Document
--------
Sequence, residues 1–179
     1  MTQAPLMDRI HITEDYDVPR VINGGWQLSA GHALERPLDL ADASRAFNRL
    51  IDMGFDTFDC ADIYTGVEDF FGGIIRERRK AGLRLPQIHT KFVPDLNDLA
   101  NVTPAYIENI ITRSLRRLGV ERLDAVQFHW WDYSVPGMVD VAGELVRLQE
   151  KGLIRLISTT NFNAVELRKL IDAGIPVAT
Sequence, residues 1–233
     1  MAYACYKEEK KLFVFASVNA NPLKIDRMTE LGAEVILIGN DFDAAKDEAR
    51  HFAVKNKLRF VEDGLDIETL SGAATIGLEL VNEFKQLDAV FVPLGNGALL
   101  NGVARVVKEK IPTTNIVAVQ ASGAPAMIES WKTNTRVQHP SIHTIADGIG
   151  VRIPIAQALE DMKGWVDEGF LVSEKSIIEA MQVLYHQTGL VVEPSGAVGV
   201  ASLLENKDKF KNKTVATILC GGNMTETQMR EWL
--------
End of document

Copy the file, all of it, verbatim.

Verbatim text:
Sequence, residues 1–179
     1  MTQAPLMDRI HITEDYDVPR VINGGWQLSA GHALERPLDL ADASRAFNRL
    51  IDMGFDTFDC ADIYTGVEDF FGGIIRERRK AGLRLPQIHT KFVPDLNDLA
   101  NVTPAYIENI ITRSLRRLGV ERLDAVQFHW WDYSVPGMVD VAGELVRLQE
   151  KGLIRLISTT NFNAVELRKL IDAGIPVAT
Sequence, residues 1–233
     1  MAYACYKEEK KLFVFASVNA NPLKIDRMTE LGAEVILIGN DFDAAKDEAR
    51  HFAVKNKLRF VEDGLDIETL SGAATIGLEL VNEFKQLDAV FVPLGNGALL
   101  NGVARVVKEK IPTTNIVAVQ ASGAPAMIES WKTNTRVQHP SIHTIADGIG
   151  VRIPIAQALE DMKGWVDEGF LVSEKSIIEA MQVLYHQTGL VVEPSGAVGV
   201  ASLLENKDKF KNKTVATILC GGNMTETQMR EWL